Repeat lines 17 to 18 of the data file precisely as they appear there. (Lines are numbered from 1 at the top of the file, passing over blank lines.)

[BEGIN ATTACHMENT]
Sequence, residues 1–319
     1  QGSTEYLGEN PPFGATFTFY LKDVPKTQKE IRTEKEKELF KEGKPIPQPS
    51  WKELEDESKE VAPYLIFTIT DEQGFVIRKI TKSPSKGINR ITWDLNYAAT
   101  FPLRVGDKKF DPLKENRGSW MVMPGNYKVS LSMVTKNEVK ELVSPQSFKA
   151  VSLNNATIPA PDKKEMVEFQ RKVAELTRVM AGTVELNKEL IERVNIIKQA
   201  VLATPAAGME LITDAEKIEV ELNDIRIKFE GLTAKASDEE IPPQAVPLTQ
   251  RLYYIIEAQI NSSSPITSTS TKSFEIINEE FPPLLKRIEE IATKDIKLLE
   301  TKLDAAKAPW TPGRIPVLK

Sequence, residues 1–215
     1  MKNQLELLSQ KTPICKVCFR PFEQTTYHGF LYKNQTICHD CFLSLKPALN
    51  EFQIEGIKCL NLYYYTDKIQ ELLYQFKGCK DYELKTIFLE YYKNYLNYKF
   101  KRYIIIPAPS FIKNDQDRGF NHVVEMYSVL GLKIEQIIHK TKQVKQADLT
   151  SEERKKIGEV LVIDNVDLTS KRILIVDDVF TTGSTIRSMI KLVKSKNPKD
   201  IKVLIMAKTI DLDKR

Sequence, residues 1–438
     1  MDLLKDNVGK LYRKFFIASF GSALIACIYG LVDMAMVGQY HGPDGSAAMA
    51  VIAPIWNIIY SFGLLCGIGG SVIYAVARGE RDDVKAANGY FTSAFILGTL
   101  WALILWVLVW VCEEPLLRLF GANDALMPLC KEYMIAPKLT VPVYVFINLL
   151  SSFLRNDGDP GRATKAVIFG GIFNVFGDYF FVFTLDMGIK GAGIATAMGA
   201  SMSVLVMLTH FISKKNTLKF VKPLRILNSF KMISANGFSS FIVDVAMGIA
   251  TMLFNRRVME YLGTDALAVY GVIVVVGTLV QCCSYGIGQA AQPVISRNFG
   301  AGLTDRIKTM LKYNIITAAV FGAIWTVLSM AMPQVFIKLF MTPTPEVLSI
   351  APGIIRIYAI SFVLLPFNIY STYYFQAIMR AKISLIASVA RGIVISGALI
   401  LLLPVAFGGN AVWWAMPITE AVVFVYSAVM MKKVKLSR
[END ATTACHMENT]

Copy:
    51  VIAPIWNIIY SFGLLCGIGG SVIYAVARGE RDDVKAANGY FTSAFILGTL
   101  WALILWVLVW VCEEPLLRLF GANDALMPLC KEYMIAPKLT VPVYVFINLL